KLQP in Madison, Minnesota, marks 40 years as independent radio station with a local focus
KLQP this week marked 40 years as an independent radio station. The Madison, Minnesota, station is unabashedly local, featuring high school sports, talk shows with local guests and community news.
MADISON — It was 40 years ago at 3 p.m. on Jan. 31, 1983, that Maynard Meyer and business partner Terry Overlander flipped the switch and put KLQP Radio on the airwaves in Madison, Minnesota.
Today, it is among a shrinking number of owner-operated, independent radio stations in Minnesota that are not part of a larger group or chain of stations.
It is still all about local: Live sports coverage of area high school teams remains the station's bread and butter, said Meyer.
KLQP continues to broadcast live on site at all of the big events, whether it's an ice fishing derby on Del Clark Lake by Canby, the county fair in Madison or a high school danceline competition in Dawson.
And the station provides its own talk radio: Meyer hosts two weekday talk shows featuring local health professionals and regularly welcomes local guests to chat about their work or projects.
Most important of all is the early morning local news and community billboard. Meyer will read the full obituaries of those who have died on air, making sure the survivors and local connections are noted. He will air the pleas to find missing cats and dogs — or even car keys. And, of course, he will announce the warnings and cancellations when blizzards whip the prairie into a white blur like mashed potatoes.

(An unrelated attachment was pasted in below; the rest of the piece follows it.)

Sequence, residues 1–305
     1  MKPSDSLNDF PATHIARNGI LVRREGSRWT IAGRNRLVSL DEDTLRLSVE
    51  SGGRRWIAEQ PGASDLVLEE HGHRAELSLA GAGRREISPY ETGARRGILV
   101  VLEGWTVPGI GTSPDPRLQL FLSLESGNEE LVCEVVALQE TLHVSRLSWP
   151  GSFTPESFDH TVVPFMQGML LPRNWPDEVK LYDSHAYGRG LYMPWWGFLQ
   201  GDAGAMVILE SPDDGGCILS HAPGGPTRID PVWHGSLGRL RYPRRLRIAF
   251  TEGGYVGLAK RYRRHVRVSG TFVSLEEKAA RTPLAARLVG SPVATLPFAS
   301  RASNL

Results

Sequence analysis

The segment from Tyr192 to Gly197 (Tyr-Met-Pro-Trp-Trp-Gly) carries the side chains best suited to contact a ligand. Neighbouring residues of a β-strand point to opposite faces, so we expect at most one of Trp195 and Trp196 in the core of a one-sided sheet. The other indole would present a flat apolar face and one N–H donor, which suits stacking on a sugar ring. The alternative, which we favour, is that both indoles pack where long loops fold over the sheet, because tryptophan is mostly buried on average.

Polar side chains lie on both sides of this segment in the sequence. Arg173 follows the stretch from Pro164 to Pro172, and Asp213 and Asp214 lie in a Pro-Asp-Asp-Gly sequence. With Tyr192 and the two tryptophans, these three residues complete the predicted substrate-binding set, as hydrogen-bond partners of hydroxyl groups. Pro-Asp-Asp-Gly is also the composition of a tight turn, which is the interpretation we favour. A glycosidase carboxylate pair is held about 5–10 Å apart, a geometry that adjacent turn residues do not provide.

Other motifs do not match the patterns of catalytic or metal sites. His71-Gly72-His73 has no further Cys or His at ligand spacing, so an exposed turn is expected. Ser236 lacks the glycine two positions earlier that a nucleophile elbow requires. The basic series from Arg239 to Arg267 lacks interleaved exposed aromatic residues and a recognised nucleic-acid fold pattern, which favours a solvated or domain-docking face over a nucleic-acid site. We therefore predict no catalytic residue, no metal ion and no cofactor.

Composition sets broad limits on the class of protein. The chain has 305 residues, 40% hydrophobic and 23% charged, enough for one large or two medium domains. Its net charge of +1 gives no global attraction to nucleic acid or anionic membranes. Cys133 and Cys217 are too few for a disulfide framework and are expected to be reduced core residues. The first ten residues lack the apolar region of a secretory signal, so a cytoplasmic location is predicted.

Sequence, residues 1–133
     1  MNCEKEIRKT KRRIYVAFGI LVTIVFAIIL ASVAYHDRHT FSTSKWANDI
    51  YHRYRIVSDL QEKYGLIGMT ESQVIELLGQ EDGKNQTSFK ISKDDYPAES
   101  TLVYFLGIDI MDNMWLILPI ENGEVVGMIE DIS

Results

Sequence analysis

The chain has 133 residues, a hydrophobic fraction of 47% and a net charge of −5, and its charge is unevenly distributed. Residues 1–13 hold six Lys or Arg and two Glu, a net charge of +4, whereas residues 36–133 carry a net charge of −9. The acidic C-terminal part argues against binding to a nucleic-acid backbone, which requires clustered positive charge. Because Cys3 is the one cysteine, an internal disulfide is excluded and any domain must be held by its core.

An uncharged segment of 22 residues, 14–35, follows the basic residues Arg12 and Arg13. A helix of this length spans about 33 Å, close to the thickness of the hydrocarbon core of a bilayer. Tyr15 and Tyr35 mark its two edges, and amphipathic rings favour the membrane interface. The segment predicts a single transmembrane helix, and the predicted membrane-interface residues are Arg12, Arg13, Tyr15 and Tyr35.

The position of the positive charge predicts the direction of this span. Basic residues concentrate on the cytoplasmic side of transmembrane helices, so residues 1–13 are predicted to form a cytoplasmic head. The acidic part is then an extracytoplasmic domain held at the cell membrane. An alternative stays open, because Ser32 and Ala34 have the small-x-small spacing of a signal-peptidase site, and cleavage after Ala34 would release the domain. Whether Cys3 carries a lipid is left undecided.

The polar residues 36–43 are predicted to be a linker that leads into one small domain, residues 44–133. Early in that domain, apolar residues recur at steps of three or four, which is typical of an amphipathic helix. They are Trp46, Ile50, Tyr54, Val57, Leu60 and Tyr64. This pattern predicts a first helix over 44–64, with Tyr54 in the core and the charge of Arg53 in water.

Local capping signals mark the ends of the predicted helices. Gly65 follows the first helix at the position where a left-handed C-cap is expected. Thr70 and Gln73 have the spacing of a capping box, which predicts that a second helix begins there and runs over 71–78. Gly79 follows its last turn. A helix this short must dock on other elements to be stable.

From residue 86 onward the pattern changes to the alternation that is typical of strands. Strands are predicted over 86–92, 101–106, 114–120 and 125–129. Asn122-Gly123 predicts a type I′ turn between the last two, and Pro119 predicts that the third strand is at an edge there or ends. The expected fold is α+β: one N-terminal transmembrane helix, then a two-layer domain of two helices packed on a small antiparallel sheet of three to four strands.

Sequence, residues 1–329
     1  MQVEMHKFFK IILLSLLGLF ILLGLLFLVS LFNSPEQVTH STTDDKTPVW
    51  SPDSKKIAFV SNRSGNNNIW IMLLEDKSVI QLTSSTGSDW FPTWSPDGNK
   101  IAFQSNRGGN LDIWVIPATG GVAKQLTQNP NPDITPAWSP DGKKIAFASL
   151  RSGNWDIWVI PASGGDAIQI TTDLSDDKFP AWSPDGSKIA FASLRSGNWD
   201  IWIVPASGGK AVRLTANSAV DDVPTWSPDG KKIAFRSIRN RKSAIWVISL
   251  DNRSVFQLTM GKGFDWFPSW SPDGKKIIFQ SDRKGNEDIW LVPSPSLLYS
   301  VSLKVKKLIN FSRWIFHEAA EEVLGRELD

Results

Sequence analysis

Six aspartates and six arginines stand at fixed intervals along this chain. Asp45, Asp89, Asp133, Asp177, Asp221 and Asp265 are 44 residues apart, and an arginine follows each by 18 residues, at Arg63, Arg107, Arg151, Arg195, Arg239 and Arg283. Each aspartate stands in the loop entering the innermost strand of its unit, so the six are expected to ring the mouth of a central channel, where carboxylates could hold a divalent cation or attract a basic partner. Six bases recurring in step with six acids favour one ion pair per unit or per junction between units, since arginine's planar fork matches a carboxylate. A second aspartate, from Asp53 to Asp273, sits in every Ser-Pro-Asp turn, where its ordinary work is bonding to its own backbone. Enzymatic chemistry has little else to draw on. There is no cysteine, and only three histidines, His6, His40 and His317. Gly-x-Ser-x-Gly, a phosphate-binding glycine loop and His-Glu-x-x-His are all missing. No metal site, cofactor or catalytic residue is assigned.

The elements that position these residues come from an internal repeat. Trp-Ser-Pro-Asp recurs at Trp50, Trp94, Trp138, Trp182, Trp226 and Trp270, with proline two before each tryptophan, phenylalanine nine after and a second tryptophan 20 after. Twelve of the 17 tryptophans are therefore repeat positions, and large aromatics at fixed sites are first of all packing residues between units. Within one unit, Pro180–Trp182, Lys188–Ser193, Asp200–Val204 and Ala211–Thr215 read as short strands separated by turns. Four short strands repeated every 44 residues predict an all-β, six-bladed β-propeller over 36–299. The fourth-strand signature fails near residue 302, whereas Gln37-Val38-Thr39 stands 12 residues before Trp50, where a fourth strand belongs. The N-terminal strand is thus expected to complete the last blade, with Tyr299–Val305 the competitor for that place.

“It still works,” said Meyer of his station’s unabashed local focus. “We still have sponsors, people still listen.”
And people still love it, as Overlander can attest. He said he continues to hear from people who tell him much they enjoy the station and its local programming, even though he has now retired. Overlander sold his interest in the radio station to Meyer a couple of years ago. He wanted more time to enjoy his passions of cooking, gardening, hunting and fishing, he explained.
“The radio and civic activities are Maynard’s hobbies,” laughed Overlander.
Meyer admits as much. He’s on the Madison City Council and Chamber of Commerce board of directors. He serves on the boards of a local foundation and arts council. He oversees operations of the city-owned Grand movie theater he was instrumental in saving years ago. He also continues to emcee many community events.